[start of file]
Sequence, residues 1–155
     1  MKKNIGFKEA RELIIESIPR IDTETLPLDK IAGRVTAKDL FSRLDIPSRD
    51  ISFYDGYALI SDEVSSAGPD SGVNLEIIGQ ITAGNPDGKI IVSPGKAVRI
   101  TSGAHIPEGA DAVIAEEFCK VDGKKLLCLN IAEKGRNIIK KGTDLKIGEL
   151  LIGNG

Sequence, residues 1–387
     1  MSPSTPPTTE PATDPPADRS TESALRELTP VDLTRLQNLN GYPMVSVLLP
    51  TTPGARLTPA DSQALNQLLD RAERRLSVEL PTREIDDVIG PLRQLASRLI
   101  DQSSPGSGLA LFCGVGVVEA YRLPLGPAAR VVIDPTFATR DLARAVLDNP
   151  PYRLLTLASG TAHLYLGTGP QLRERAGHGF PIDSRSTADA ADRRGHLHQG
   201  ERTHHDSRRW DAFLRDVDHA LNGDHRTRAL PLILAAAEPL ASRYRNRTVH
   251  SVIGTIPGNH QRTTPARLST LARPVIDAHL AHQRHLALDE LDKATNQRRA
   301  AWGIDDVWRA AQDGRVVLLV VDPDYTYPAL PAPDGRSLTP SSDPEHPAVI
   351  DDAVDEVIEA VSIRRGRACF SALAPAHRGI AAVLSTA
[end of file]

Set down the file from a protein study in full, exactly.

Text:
Sequence, residues 1–155
     1  MKKNIGFKEA RELIIESIPR IDTETLPLDK IAGRVTAKDL FSRLDIPSRD
    51  ISFYDGYALI SDEVSSAGPD SGVNLEIIGQ ITAGNPDGKI IVSPGKAVRI
   101  TSGAHIPEGA DAVIAEEFCK VDGKKLLCLN IAEKGRNIIK KGTDLKIGEL
   151  LIGNG

Sequence, residues 1–387
     1  MSPSTPPTTE PATDPPADRS TESALRELTP VDLTRLQNLN GYPMVSVLLP
    51  TTPGARLTPA DSQALNQLLD RAERRLSVEL PTREIDDVIG PLRQLASRLI
   101  DQSSPGSGLA LFCGVGVVEA YRLPLGPAAR VVIDPTFATR DLARAVLDNP
   151  PYRLLTLASG TAHLYLGTGP QLRERAGHGF PIDSRSTADA ADRRGHLHQG
   201  ERTHHDSRRW DAFLRDVDHA LNGDHRTRAL PLILAAAEPL ASRYRNRTVH
   251  SVIGTIPGNH QRTTPARLST LARPVIDAHL AHQRHLALDE LDKATNQRRA
   301  AWGIDDVWRA AQDGRVVLLV VDPDYTYPAL PAPDGRSLTP SSDPEHPAVI
   351  DDAVDEVIEA VSIRRGRACF SALAPAHRGI AAVLSTA